Judging the value of automation
I automate everything I can. I enjoy the process of building automations in myriad contexts, using myriad tools. And I frequently have to assess whether I’ve spent more time automating something than I’m actually going to save using the automation.
I often think about the benefits of automation in the context of time savings. It makes things more efficient, removes drudgery. But I’ve realized over time that the real benefit of automation is avoiding mistakes.
When I automate something (anything), I’m defining the steps that need to be included to complete the task. I’m no longer relying on my memory to ensure that every step is complete or the specific ways in which a step should be completed. This is especially useful if it’s something I don’t do very often, which means that my normal calculation for “was it worth automating” is actually moot: if it helps me do the exact same thing one time a year later, that’s often worth as much as any amount of total time saved in my life.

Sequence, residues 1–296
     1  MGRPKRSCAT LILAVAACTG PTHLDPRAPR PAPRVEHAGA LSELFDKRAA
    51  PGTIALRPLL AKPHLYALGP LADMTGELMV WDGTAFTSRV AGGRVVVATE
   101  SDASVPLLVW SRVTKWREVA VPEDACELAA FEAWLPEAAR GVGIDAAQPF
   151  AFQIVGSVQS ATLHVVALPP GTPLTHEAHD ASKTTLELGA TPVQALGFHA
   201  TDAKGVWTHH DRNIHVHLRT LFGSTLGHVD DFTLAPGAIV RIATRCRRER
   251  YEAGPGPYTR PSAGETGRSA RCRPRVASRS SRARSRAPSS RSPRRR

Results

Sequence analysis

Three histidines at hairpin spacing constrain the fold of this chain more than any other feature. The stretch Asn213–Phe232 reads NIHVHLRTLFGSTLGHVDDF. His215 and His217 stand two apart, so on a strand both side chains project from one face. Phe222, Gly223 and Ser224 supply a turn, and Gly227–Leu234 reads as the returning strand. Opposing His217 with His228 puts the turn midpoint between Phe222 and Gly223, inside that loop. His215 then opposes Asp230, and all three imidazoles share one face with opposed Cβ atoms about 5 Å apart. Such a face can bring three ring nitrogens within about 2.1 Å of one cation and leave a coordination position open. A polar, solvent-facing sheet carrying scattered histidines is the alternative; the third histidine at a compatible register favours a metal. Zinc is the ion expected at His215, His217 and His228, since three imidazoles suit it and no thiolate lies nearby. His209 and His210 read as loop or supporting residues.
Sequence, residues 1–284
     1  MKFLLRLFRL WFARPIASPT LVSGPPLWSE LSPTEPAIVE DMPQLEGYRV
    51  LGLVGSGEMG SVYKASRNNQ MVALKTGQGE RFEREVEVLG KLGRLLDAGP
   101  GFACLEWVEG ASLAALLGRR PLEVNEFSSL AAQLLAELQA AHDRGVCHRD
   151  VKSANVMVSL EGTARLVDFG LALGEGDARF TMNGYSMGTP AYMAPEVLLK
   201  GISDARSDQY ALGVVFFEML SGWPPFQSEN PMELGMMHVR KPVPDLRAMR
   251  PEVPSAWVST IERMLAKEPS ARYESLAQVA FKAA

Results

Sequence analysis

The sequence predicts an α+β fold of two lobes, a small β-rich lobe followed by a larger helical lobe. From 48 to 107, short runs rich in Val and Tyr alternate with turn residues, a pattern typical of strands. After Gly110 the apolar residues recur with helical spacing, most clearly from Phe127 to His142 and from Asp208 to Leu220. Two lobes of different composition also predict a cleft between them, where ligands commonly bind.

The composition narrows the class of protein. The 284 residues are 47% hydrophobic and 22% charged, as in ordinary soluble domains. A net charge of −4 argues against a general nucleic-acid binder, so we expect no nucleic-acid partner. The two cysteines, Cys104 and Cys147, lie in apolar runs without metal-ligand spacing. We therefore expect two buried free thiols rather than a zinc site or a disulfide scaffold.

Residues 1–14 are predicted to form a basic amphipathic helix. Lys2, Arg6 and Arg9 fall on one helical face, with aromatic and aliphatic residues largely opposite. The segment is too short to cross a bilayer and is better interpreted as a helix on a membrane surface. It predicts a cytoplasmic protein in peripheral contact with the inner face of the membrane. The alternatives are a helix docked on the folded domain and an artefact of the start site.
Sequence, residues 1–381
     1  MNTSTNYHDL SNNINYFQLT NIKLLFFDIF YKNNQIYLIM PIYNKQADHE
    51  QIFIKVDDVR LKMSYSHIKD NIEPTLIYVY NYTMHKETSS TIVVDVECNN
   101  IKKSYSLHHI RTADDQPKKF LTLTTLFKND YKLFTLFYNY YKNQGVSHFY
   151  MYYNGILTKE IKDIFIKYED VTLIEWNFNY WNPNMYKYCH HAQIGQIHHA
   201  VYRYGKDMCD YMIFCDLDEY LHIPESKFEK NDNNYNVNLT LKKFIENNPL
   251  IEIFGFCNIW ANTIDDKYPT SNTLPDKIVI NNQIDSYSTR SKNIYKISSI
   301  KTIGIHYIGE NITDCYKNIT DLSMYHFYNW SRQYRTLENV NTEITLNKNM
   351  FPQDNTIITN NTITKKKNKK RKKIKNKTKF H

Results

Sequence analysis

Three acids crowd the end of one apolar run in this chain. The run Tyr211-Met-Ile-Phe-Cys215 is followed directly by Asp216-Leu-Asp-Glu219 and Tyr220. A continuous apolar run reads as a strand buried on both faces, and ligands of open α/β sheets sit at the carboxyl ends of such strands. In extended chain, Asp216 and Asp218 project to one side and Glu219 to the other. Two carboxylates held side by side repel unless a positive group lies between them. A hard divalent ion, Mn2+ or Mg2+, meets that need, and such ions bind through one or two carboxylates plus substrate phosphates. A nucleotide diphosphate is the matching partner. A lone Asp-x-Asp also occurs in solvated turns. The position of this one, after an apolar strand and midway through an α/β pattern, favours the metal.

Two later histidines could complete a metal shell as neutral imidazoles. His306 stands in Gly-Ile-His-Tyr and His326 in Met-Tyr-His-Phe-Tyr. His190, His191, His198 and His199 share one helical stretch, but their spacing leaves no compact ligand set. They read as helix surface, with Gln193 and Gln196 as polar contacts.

My automation tools run the gamut, from snippets in TextExpander that make sure I’ve conveyed all of the right information to an email recipient, to build scripts I developed for a coding project, to bedtime home automation sequences I built using Homekit. All of these prevent missed steps and undesired results.
So from now on, instead of saying “this automation saves me one minute every time I do this four-minute task,” I’m going to try to additionally look at it from the perspective of how much pain it saved me had the task been done incorrectly, and how much time I would have had to spend re-learning a process after it wasn’t fresh in memory anymore. Those aspects add value to any automation and shouldn’t be discounted.
And it will help me sleep better at night, knowing I don’t waste as much time as I think I do.